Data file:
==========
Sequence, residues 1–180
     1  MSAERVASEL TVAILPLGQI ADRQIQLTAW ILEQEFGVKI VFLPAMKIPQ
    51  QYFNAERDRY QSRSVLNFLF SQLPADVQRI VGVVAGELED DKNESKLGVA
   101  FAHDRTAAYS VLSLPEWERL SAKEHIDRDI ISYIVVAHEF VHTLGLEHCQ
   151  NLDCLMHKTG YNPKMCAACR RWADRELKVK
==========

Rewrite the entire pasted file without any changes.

Sequence, residues 1–180
     1  MSAERVASEL TVAILPLGQI ADRQIQLTAW ILEQEFGVKI VFLPAMKIPQ
    51  QYFNAERDRY QSRSVLNFLF SQLPADVQRI VGVVAGELED DKNESKLGVA
   101  FAHDRTAAYS VLSLPEWERL SAKEHIDRDI ISYIVVAHEF VHTLGLEHCQ
   151  NLDCLMHKTG YNPKMCAACR RWADRELKVK